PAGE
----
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Against all odds, World of Warcraft's subscription price hasn't changed in 20 years: 'I'd rather have a big, healthy, happy audience' than risk driving players away with a price hike, Warcraft boss says

 World of Warcraft Paladin character.
World of Warcraft Paladin character.

World of Warcraft's subscription price hasn't budged in most parts of the world for 20 years. Long before our collective nostalgia birthed WoW Classic, you had to pay Blizzard $15 a month to spend hours auto-attacking wolves in Elwynn Forest. The only difference now is that the wolves are in high-definition.

John Hight, Warcraft's senior vice president and general manager, spends more time thinking about adding value to the subscription than asking for more money. "As of yesterday, we have three games you can play under the same subscription, which hasn't changed in price in over 20 years," he told PC Gamer in an interview at GDC. "Take that, inflation."

Hight says a price increase "gets brought up during discussions from time to time," but points to things like WoW Tokens—items players buy for in-game currency that convert to game time—and regional price adjustments, like in Australia, as examples of Blizzard trying to work around it.

"I'm kind of proud of the fact that we've been able to maintain this price point," he said. "I'd rather have a big, healthy happy audience, than have the risk that the audience gets smaller, but the subscription went up."

Today, a WoW subscription buys you access to modern WoW, WoW Classic, Season of Discovery, and, as of this week, a limited-time battle royale mode that anyone can play. Every flavor of WoW is available for the price of a Netflix subscription, with one small asterisk for the cost of keeping up with the latest expansion. Dragonflight is $30, but will be replaced by The War Within's $50 price tag when it launches later this year. While the rest of us take $70 gut punches for major new releases, WoW players—at least those in North America and the UK—continue to dodge price hikes.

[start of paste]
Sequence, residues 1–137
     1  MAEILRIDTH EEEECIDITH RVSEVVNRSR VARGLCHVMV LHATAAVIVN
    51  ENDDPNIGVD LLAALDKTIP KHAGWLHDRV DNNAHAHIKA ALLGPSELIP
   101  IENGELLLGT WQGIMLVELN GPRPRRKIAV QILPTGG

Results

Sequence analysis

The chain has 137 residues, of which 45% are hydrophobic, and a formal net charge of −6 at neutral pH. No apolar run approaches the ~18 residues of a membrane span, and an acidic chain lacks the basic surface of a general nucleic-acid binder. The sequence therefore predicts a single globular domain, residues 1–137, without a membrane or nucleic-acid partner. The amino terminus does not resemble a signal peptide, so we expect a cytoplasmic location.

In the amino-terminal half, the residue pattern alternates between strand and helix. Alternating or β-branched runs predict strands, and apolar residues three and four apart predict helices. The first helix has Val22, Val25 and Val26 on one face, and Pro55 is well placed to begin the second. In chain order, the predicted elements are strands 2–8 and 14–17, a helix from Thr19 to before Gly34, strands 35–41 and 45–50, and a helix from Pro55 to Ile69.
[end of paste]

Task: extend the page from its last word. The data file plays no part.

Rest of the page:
I think having that variety of things to do adds to a diversity in the player base.

Hight says the consistency of WoW's pricing affords the team more room for the kind of experimentation that led to Plunderstorm. "The wonderful thing about having a subscription model is that we can really double down on the gameplay itself. We don't have to create any means to try and get people to engage and give us additional money or unlock things, everybody has access to everything."

His definition of "everything" is a little generous considering Blizzard has sold exclusive mounts and other cosmetics in its shop for years, but it's true that nothing you can buy outside the game gives you an advantage over other players. The $15 subscription fee is all you need to experience every version of the MMO that started it all, including every successful or controversial feature Blizzard has put into it over the last 20 years.

"We have some parts of the game that a small percentage of players actually engage with on a regular basis, but they engage with it all the time," Hight said. "They love it. And I think having that variety of things to do adds to a diversity in the player base, and that diversity when you bring people together, especially in guilds and communities, is what makes the game special."